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Is Beyond Meat in Trouble From Lab-Grown Meat?

The world is changing at a rapid pace. There is much more of an emphasis on being environmentally-friendly, with more and more people moving over to plant-based diets. This has led to the explosion in popularity for alternative meats. 

The craze around alternative meats 

The popularity of plant-based eating is spreading more now than ever. For example, retail sales for plant-based foods in the United States have increased by 11% in the past year. Some people make the switch for health reasons, others do it for environmental reasons, while some people don’t like the harm that is done to animals. 

Most restaurants now have options to suit a plant-based palate. Even fast-food outlets such as Burger King Holdings Inc. (NASDAQ: BKC) and McDonald’s Corp. (NYSE: MCD) have been moving with the times in this regard.

Two of the leaders in the alternative meats space are Impossible Foods and Beyond Meat Inc. (NASDAQ: BYND). In 2016, Beyond Meat first released its plant-based burger into grocery stores globally. It was in 2017 that another company, Impossible Food has launched its plant-based burgers, mainly focusing on gourmet food locations and fast-food restaurants. 

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A very successful IPO for Beyond Meat

Beyond Meat had one of the most successful IPOs of the year, with investors looking to get a slice of the projected $35 billion alternative meat market. 

After going public at $25 per share, Beyond Meat, at the time of writing, is priced around $76.20 per share. This is extremely impressive growth. However, the stock has retracted somewhat from previously dizzy heights of $239.71 per share and now sits almost 70% below its all-time high. 

Beyond Meat has gotten endorsements from major celebrities such as Leonard DiCaprio and Bill Gates and one of its main differentiators from others in the market is the environmental impact the company has. The popular Beyond Meat burger patty needs 93% less space than normal beef burgers and generates 90% less greenhouse gas emissions. 

The company remains agile and is always altering its offering to keep up with the latest demands from consumers. Revenues for the company for 2019 are estimated at $275 million. UBS analyst Steven Strycula believes that by 2025, the company’s revenues will hit $1.8 billion. The company will need to gain entry into an additional 120,000 food outlets to hit the $1 billion mark for food service revenue. It also is in talks with McDonald’s, with a potential deal being massive for the share price. 

Impossible Foods has yet to go public, with CEO Mark Brown saying that the time is not right yet to do so.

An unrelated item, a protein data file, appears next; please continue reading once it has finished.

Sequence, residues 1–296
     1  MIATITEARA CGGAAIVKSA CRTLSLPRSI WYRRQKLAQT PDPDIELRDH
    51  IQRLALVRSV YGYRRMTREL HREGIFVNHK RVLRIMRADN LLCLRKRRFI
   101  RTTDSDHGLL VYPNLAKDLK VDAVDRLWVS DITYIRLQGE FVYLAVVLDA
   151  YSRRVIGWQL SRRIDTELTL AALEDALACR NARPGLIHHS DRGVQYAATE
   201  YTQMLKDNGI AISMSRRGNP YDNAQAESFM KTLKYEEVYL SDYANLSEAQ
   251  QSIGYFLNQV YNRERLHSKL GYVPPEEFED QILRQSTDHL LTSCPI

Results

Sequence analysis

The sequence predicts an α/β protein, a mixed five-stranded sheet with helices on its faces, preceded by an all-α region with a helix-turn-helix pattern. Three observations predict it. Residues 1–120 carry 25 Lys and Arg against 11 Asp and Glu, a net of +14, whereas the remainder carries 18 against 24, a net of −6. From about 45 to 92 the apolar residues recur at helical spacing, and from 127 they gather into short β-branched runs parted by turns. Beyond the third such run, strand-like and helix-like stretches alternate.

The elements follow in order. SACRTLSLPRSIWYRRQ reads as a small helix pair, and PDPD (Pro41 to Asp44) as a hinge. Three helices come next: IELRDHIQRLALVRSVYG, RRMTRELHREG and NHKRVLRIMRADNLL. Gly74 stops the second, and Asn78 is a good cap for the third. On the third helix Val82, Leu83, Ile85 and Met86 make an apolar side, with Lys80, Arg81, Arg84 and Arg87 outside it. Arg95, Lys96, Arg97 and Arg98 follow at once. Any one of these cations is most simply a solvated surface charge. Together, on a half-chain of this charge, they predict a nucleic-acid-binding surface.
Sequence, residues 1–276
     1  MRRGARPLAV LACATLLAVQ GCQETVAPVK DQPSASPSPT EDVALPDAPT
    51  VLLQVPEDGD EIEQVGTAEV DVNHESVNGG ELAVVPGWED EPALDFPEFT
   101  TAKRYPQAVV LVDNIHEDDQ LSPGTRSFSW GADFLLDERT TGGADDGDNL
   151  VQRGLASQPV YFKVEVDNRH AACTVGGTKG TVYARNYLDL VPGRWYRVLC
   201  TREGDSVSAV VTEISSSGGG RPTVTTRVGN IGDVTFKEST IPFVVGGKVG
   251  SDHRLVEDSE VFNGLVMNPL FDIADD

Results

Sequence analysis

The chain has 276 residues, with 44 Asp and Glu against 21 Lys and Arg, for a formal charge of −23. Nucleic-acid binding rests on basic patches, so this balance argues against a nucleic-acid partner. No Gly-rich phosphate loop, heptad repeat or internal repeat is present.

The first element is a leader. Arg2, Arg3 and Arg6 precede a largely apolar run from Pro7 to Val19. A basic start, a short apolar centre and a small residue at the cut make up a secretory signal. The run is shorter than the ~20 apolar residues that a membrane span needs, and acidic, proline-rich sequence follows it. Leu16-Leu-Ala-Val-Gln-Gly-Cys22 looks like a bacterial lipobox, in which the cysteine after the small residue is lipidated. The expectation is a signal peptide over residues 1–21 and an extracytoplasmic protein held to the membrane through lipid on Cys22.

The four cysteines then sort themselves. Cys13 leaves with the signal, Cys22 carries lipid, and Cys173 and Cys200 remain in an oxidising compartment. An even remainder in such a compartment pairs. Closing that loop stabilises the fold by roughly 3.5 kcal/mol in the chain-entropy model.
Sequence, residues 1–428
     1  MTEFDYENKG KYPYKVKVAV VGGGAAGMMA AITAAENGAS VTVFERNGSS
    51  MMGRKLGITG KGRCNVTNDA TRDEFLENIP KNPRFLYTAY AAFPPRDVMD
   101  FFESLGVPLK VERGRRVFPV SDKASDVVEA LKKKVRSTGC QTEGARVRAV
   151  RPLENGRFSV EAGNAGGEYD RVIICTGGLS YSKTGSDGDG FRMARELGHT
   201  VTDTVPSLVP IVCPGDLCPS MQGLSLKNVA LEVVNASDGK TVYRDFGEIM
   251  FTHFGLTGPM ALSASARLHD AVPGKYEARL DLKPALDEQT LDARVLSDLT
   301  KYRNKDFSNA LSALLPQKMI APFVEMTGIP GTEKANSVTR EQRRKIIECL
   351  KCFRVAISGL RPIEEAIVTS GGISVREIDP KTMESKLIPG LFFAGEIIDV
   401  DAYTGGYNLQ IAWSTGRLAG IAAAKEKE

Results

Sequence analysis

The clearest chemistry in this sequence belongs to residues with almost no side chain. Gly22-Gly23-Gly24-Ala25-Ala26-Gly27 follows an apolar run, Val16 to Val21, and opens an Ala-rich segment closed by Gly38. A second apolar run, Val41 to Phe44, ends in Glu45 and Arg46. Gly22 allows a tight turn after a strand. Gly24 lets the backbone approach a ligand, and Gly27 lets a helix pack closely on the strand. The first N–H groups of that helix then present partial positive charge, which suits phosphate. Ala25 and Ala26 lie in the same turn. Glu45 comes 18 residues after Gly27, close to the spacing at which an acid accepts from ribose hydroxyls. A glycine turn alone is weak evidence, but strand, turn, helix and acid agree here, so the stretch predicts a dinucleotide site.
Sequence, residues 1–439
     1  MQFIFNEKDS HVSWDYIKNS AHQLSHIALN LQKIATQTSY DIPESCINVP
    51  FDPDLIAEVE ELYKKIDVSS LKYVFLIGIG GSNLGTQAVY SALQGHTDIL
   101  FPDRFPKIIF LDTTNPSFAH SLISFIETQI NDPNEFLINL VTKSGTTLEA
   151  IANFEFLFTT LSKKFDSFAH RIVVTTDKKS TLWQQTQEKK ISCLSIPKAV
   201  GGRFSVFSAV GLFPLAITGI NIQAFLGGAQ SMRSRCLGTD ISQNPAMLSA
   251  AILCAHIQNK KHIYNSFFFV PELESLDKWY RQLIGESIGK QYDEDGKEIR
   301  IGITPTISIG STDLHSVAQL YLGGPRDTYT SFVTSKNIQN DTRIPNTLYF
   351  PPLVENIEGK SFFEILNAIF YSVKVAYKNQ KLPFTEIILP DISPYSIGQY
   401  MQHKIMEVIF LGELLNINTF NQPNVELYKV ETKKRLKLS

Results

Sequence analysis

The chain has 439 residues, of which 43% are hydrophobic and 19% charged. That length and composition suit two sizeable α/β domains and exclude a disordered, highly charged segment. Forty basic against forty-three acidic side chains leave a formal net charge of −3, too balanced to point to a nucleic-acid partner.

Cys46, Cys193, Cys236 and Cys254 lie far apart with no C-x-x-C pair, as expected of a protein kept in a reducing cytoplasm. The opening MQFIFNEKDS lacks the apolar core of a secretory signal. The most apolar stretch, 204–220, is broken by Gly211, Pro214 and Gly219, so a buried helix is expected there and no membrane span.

What about lab-grown meat?

Moving on from the alternative meat craze, now there are companies looking to grow meat in a lab. While this may sound like something out of Star Trek, it is now becoming a reality. 

While the price of producing a pound of beef in a lab is still pretty expensive, these companies are constantly driving down the costs of doing so. However, in order to grow the cells for this meat, a base of fetal cow blood is still needed. This is the most expensive part of the process. 

An Israeli company called Future Meat Technologies believes it can bring down the cost of making a cell-based steak to €20 (about $22) per kilo. If this is combined with plant-based meat, the cost would drop further to €9 (about $10) per kilo. Each of the company’s refrigerator-sized bioreactors can grow as much as half a ton of fat and meat in just two weeks. 

However, the likes of Memphis Meats are now looking at animal-free alternatives to this cow blood. This company has in the past been able to grow the likes of beef, duck, and chicken in its bioreactors. The company aims to have its lab-grown meat on the market in 2021. 

One company called Ecovative is trying to use mushrooms as a base for growing its lab meat.

A lot of potential impacts

If lab-grown meat takes off, there would be a lot of environmental benefits to be had. Farmers would no longer have to devote a lot of time, space and resources to the inefficient system that is farming protein. Farmers could then reforest and restore the depleted soil, providing more land that can be used for the likes of sustainable farming. 

Investors will be keeping a keen eye on the developments in this lab-grown sector. If the idea of lab-grown meat is embraced, it would lead to massive shifts in the agricultural space. Those at the forefront of the lab-grown meat revolution would also stand to benefit handsomely. 

One of the main differentiators between the likes of Beyond Meat and the offerings from the lab-grown companies could come down to taste. To date, reports about the taste of lab-grown meat has not been overly appealing.


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MyWallSt Contributor
MyWallSt Contributor
This article was written by one of our MyWallSt freelancers.